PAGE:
A technique to help determine whether a specific treatment has an effect on the individuals in a population.
To rule out chance (sampling error) as a plausible explanation for the results from a research study.
To evaluate the results from a research study in which:
1. A sample is selected from the population.
2. The treatment is administered to the sample.
3. After treatment, the individuals in the sample are measured.
If the individuals in the sample are noticeably different from the individuals in the original population, we have evidence that the treatment has an effect. However, it is also possible that the difference between the sample and the population is simply sampling error
1. The difference between the sample and the population can be explained by sampling error (there does not appear to be a treatment effect)
2. The difference between the sample and the population is too large to be explained by sampling error (there does appear to be a treatment effect).
TYPE I ERRORS
Occurs when the sample data appear to show a treatment effect when, in fact, there is none. In this case the researcher will reject the null hypothesis and falsely conclude that the treatment has an effect.
These are caused by unusual, unrepresentative samples. Just by chance the researcher selects an extreme sample with the result that the sample falls in the critical region even though the treatment has no effect.
The hypothesis test is structured so that Type I errors are very unlikely; specifically, the probability of a Type I error is equal to the alpha level.
Occurs when the sample does not appear to have been affected by the treatment when, in fact, the treatment does have an effect. In this case, the researcher will fail to reject the null hypothesis and falsely conclude that the treatment does not have an effect.
Type II errors are commonly the result of a very small treatment effect. Although the treatment does have an effect, it is not large enough to show up in the research study.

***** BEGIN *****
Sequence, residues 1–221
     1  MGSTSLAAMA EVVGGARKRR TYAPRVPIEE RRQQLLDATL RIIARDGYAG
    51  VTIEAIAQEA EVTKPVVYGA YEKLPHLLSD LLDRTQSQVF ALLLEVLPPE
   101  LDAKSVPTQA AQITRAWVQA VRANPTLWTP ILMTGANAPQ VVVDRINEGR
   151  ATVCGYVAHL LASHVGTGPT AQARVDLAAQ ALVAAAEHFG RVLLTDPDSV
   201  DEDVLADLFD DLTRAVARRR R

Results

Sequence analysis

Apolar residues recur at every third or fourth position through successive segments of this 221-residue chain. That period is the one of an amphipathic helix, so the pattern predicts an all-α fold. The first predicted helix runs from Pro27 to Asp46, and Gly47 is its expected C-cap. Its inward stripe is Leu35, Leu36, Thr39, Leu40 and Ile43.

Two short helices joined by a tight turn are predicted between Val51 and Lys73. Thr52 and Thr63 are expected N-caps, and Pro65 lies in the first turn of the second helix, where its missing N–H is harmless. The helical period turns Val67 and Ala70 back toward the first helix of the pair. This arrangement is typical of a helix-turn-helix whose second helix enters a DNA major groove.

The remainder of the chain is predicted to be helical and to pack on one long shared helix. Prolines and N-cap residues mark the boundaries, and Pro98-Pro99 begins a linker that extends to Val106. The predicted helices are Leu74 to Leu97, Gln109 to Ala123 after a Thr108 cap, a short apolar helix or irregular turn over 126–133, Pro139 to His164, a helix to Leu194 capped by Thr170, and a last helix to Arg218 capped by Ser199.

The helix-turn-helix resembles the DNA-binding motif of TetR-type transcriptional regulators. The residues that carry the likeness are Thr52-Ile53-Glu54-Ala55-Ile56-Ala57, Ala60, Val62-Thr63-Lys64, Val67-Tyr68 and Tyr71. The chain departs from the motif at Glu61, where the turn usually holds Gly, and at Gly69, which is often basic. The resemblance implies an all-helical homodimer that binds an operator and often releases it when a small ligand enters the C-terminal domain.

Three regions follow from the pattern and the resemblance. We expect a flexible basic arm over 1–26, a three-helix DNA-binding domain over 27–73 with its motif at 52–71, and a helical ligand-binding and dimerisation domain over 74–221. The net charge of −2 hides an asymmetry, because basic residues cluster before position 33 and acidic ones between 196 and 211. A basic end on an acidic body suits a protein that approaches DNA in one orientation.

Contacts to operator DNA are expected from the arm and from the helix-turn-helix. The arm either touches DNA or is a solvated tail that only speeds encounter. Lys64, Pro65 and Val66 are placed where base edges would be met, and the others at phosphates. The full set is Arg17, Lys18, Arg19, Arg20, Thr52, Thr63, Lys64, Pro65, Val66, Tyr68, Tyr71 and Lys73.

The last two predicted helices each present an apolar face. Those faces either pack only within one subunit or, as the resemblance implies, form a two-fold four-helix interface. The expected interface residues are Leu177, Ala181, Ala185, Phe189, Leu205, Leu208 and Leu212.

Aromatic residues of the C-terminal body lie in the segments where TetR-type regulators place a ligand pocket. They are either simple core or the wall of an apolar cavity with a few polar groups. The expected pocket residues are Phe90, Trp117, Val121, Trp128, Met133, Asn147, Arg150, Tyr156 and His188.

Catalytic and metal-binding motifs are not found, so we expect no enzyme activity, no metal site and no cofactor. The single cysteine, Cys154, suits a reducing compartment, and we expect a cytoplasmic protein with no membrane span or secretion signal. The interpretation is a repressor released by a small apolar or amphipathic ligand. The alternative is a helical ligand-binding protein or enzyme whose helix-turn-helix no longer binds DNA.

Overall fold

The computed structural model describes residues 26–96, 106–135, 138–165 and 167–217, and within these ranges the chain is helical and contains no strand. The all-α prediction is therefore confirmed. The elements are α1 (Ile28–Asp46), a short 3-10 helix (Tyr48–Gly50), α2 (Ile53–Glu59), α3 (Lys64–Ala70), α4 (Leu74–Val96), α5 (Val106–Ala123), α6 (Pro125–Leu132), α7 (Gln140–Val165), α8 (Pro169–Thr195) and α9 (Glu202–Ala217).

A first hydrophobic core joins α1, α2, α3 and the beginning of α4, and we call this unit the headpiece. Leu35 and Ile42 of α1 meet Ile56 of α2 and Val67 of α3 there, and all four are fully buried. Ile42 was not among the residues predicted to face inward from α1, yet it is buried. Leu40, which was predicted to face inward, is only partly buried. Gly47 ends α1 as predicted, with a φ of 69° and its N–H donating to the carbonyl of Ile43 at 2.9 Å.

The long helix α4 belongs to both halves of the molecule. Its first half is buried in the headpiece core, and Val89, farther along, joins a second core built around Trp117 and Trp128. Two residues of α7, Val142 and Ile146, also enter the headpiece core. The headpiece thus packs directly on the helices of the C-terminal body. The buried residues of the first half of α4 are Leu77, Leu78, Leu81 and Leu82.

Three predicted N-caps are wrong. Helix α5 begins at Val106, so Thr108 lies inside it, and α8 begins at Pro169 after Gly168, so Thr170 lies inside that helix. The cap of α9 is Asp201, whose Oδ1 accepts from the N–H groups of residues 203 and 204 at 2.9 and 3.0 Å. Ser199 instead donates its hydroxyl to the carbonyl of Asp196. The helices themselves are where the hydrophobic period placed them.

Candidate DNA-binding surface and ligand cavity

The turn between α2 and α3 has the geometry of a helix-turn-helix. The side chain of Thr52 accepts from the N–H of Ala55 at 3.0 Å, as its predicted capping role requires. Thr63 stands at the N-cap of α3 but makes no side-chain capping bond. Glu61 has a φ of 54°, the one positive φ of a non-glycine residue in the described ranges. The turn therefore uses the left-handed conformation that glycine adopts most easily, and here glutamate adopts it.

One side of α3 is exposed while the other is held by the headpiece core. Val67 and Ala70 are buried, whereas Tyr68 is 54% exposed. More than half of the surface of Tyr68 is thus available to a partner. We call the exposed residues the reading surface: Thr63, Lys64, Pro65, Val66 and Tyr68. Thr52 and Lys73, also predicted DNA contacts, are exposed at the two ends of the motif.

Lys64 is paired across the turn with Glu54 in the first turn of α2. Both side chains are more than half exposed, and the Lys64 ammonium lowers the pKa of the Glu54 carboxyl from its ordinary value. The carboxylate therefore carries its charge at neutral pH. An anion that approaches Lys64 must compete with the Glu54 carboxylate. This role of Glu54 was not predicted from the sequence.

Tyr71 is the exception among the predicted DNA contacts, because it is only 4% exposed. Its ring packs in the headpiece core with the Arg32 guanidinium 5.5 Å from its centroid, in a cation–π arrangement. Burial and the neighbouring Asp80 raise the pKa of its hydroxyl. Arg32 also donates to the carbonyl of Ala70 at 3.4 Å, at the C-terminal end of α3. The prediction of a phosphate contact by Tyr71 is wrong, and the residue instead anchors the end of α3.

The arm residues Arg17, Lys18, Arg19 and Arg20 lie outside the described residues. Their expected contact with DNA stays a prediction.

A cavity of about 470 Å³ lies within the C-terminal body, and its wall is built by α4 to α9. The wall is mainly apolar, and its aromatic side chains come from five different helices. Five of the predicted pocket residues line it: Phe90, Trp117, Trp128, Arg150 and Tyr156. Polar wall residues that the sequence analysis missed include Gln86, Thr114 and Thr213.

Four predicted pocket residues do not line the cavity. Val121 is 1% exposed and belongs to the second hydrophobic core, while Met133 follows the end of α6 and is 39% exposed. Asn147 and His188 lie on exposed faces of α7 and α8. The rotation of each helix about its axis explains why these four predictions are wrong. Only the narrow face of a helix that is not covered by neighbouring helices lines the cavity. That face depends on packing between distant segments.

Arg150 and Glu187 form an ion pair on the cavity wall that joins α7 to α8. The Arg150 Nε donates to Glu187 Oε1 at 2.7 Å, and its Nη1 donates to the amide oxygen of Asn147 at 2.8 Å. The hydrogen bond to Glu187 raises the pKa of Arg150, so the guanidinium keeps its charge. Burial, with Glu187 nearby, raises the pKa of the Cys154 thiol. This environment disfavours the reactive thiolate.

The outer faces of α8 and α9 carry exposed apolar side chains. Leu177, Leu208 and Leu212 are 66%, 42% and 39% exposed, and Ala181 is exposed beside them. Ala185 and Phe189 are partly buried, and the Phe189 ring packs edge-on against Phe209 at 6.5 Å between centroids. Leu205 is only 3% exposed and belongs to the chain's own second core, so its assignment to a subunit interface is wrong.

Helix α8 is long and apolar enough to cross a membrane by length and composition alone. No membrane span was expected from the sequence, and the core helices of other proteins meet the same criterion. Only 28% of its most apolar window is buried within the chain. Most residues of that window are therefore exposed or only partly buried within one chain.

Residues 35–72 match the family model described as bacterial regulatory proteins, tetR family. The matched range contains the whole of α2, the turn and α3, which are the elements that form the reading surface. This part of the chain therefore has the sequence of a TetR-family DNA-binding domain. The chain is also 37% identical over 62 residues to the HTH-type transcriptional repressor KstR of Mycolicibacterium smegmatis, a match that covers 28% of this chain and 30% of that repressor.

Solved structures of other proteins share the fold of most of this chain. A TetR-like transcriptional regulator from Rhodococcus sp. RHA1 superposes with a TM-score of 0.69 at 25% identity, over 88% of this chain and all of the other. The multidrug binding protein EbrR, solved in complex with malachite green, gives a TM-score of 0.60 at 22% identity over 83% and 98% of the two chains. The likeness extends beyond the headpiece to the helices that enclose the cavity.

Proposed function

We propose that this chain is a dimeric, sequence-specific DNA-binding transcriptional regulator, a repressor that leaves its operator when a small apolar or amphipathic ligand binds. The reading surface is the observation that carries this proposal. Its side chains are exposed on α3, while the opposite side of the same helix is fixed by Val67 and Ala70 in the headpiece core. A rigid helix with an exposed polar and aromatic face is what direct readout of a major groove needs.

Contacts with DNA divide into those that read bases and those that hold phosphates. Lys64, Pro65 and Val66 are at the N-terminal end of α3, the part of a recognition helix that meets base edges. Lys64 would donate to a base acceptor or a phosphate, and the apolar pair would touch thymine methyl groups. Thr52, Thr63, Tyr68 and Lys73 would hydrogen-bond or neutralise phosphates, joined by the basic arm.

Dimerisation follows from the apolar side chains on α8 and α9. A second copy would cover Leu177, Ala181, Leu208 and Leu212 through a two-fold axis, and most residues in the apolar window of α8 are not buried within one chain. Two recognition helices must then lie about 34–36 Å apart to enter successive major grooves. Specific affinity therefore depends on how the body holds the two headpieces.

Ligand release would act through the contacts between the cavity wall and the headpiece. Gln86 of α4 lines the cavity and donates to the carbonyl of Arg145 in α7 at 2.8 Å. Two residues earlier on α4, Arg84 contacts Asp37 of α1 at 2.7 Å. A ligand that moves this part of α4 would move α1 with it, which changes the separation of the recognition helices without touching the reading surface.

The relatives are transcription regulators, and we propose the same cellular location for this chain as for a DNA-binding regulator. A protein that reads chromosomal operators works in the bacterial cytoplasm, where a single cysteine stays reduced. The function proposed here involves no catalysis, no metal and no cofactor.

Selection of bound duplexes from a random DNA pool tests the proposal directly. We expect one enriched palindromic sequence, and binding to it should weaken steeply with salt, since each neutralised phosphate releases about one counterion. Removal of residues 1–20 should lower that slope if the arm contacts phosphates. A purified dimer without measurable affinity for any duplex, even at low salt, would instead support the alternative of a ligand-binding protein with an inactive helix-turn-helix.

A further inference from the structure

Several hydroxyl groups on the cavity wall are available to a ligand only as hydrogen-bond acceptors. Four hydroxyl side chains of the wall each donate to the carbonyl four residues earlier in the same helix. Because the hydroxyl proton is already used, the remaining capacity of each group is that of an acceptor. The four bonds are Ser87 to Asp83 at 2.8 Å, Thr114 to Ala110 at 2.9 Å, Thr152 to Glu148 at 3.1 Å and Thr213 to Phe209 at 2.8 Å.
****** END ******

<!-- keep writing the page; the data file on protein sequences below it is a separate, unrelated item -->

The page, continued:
MEASURING EFFECT SIZE
A hypothesis test evaluates the statistical significance of the results from a research study. That is, the test determines whether or not it is likely that the obtained sample mean occurred without any contribution from a treatment effect.
The hypothesis test is influenced not only by the size of the treatment effect but also by the size of the sample. Thus, even a very small effect can be significant if it is observed in a very large sample. Because a significant effect does not necessarily mean a large effect, it is recommended that the hypothesis test be accompanied by a measure of the effect size.
We use Cohen=s d as a standardized measure of effect size. Much like a z-score, Cohen=s d measures the size of the mean difference in terms of the standard deviation.
State the hypotheses and select an α level. The null hypothesis, H0, always states that the treatment has no effect (no change, no difference).
According to the null hypothesis, the population mean after treatment is the same is it was before treatment. The α level establishes a criterion, or "cut-off", for making a decision about the null hypothesis. The alpha level also determines the risk of a Type I error.
Locate the critical region. The critical region consists of outcomes that are very unlikely to occur if the null hypothesis is true. That is, the critical region is defined by sample means that are almost impossible to obtain if the treatment has no effect. The phrase “almost impossible” means that these samples have a probability (p) that is less than the alpha level.
Compute the test statistic. The test statistic (in this chapter a z-score) forms a ratio comparing the obtained difference between the sample mean and the hypothesized population mean versus the amount of difference we would expect without any treatment effect (the standard error).
A large value for the test statistic shows that the obtained mean difference is more than would be expected if there is no treatment effect. If it is large enough to be in the critical region, we conclude that the difference is significant or that the treatment has a significant effect. In this case we reject the null hypothesis. If the mean difference is relatively small, then the test statistic will have a low value. In this case, we conclude that the evidence from the sample is not sufficient, and the decision is fail to reject the null hypothesis.
Includes the directional prediction in the statement of the hypotheses and in the location of the critical region.
For example, if the original population has a mean of μ = 80 and the treatment is predicted to increase the scores, then the null hypothesis would state that after treatment:
H0: μ < 80 (there is no increase)
In this case, the entire critical region would be located in the right-hand tail of the distribution because large values for M would demonstrate that there is an increase and would tend to reject the null hypothesis.
POWER OF A HYPOTHESIS TEST
The power of a hypothesis test is defined is the probability that the test will reject the null hypothesis when the treatment does have an effect. The power of a test depends on a variety of factors including the size of the treatment effect and the size of the sample.